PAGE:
This race appealed to me because it was advertised as a low key event and I was hoping to enjoy the fall colors in a beautiful setting. I was not disappointed.
We had been invited to stay with our good friends, Michael and Karen, while we were in town. Michael's daughter and son in-law were planning to run the race too. Jenny was running the full marathon and her husband Mike was running the half marathon.
The three of us before the race.
It was a very cool and windy morning. Perfect for distance running. The sky was clear and blue and it seemed to be a perfect day.
My plan for this race was to simply go easy and enjoy the day. I intended to fall into an easy 10 minute pace and just cruise through the race at that speed.
The first 6 miles were flat and easy, taking us through a local park and along the edge of a lake. The setting was very nice and I was just taking it all in and enjoying the easy run.
After mile 6, we began to climb a series of gradual hills. This continued until mile 17. These weren't steep, leg numbing hills, but they were subtle and seemed to go on forever. I wasn't expecting that level of difficulty and my tired legs were being tested, even at my leisurely pace.
Here I am at mile 6, before the hills began to wear me down. I was wearing my Baltimore Marathon shirt during this race because I could feel assured nobody else at this race owned one!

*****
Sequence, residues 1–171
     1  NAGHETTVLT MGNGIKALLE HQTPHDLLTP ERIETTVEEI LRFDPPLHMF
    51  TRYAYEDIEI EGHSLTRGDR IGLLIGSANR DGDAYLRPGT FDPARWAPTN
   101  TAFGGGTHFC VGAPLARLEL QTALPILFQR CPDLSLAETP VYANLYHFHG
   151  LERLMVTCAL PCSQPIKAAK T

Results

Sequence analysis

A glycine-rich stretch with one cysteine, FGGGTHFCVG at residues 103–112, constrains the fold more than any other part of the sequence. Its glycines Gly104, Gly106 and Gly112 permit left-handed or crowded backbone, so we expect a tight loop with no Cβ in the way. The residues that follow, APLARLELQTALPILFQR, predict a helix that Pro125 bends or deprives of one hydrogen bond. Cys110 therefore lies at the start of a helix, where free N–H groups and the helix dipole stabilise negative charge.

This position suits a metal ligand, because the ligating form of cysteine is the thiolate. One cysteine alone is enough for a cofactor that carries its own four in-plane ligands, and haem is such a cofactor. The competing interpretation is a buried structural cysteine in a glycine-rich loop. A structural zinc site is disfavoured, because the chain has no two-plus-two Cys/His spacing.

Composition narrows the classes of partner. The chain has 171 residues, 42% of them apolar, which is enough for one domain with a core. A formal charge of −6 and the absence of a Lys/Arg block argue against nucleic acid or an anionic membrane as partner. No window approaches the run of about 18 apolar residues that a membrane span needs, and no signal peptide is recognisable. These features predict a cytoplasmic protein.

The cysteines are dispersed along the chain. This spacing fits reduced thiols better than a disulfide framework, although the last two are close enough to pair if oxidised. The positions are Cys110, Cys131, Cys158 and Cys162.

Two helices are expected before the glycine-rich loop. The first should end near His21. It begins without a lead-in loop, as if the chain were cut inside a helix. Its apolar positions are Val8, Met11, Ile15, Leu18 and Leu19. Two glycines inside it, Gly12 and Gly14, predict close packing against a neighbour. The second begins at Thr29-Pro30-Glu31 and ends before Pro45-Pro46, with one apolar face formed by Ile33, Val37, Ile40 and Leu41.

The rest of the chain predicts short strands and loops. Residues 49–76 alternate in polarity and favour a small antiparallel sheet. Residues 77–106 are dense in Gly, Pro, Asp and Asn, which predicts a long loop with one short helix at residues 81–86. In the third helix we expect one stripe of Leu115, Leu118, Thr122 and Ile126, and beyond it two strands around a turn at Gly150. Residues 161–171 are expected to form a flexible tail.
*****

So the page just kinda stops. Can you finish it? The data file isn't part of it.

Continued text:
After my race started, the half marathon got under way. This race shared the same course for 6.5 miles and turned back to the finish line.
This is a picture of Mike running through the park.
Mike had a goal to finish in 2 hours. He had a great race and set a new PR by 11 minutes and beat his goal easily. He did an awesome job!
This picture was taken near the half way point of the race. I was feeling really good as the weather warmed slightly and I was holding out hope that the hills would subside soon. My spirits were high though and I was having a great time on this course.
This is a great picture of Jenny, showing off her bad ass muscles! She was not far behind me and managed to gain on me toward the end of the race.
The pictures below were NOT planned! They were taken at the 20 mile mark as we came off the hills and headed back into the park for the final stretch to the finish line.